The inland north-south link is part of the Commonwealth’s $22 billion Auslink transport plan which predicts enormous rail freight growth on the east coast. The rail industry is also demanding that government policy favouring trucks over trains be changed so that rail gets to carry a bigger share of freight.

The National Transport Commission (NTC) says it wants a single economic regulator to oversee freight pricing to create a level playing field between road and rail.

"Road transporters support a competitive and efficient rail industry that pays its way," says Stuart St Clair. "We know rail has to double its freight load over the next 20 years just to stay in the same position it occupies today, but the growth in freight must be shared among all modes of transport."

He says a lot of thought is going into the question of how Australia will deal with a projected massive increase in road freight, doubling by 2020 according to the Bureau of Transport.

"Do we build more trucks and put them on roads where they are already in competition with millions of cars?" St Clair asks. "The answer is no. We need to build bigger and safer road vehicles that will be more productive without putting more traffic on the roads. That’s the direction the industry is moving in and we can expect greater productivity to be passed onto our customers."

Deputy Prime Minister Mark Vaile backs the idea of bigger freight vehicles on our roads and has warned state transport ministers that it is now time for trucks the size of road trains to be brought to the outskirts of cities like Sydney to help ease predicted increases in traffic congestion.

And in June, NSW Premier Morris Iemma announced that a freight terminal will be built in western Sydney to transfer freight from rail to roads while opting not to impose a freight charge on trucks using the state’s main port at Botany. The Victorian Government has also begun letting contracts for a major freight rail upgrade in that state.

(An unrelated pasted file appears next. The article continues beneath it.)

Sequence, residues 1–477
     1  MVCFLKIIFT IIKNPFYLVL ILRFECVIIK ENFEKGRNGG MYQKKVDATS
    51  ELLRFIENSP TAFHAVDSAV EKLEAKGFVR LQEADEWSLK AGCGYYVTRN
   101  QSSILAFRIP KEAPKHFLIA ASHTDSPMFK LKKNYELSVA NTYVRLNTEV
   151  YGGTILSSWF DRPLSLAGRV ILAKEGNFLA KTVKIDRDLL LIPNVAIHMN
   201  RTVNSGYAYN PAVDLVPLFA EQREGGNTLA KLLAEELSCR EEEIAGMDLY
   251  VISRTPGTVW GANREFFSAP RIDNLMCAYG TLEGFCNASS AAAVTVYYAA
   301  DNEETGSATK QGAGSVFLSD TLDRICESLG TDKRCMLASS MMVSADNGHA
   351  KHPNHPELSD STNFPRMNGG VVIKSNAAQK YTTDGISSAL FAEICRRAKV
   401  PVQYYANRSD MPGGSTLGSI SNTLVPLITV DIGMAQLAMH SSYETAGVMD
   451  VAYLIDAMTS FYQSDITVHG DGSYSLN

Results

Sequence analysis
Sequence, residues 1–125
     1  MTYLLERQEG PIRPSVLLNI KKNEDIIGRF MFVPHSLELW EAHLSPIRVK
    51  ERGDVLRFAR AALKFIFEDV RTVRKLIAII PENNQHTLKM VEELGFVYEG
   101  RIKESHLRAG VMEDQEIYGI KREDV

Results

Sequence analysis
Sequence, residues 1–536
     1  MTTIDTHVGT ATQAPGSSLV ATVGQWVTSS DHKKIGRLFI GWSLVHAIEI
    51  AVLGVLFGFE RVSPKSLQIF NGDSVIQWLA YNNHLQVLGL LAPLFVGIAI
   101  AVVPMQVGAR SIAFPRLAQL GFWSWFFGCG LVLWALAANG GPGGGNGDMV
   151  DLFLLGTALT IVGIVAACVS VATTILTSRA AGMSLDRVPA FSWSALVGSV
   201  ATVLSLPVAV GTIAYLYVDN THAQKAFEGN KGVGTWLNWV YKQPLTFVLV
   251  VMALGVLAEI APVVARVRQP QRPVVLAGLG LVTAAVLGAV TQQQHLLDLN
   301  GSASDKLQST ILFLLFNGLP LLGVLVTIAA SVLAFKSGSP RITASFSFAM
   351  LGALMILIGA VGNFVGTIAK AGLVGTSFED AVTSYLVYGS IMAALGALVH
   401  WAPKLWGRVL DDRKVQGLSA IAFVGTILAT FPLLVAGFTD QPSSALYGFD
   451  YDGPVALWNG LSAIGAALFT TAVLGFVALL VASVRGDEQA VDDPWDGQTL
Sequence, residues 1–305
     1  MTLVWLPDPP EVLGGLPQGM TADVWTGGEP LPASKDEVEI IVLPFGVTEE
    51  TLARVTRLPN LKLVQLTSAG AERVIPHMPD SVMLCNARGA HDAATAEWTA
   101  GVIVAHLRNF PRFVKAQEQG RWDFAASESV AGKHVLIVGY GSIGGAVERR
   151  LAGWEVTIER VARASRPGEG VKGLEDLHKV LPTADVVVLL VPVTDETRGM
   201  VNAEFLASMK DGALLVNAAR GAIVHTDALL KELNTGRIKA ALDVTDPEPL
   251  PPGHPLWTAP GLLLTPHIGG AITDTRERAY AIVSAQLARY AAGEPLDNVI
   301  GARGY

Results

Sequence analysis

Significantly, the AIG survey pointed to the growing popularity—and cost effectiveness—of outsourcing logistics which, it said, saved Australian firms about $640 million over two years.

Distribution centres are opening all over Australia and are playing an increasing role in the export planning of many exporters, large and small.

Phillip Taylor, chief operating officer of Northline, a major freightforwarding operator, says distribution centres can be a boon to smaller exporters, especially those doing business in Asia.

"Say you’re a smaller, self-owned business like a winery that needs to manage its export stock very carefully," says Taylor. "Sending one full container load overseas would probably deplete the entire stock of a small winegrower, but by putting the stock into one of our distribution centres we can complete the company’s orders and send them off very quickly in loads that may be much less than a full container load.

"Companies can keep their products in Australia rather than having them sit somewhere overseas for long periods of time. This considerably reduces risks, allows for the careful servicing of markets, and lessens the lead time in getting products to market."

Northline’s network of integrated distribution centres in almost all Australian capitals is reporting growing interest among exporters in moving their goods through Perth and Darwin because both are currently operating below capacity and export processing is fast and efficient.

Taylor explains that Northline does a lot of business with Indonesia, generally moving goods by road and ra
il from southern Australia to its Darwin distribution centre. The Indonesian Government has established its own clearance centre in Darwin so goods can be cleared prior to export.

"Operating as an international freightforwarder round the country with our own equipment allows us to pick and chose the best solutions for our clients, who export everything from food to ceramic tiles, business machines to mining equipment," Taylor says. "By using a distribution centre that can handle a broad range of goods under cover, an exporter opens up his business to a much broader customer base. Our software system allows clients to manage their stocks through a web interface and lets them see instantly what products they have in specific locations.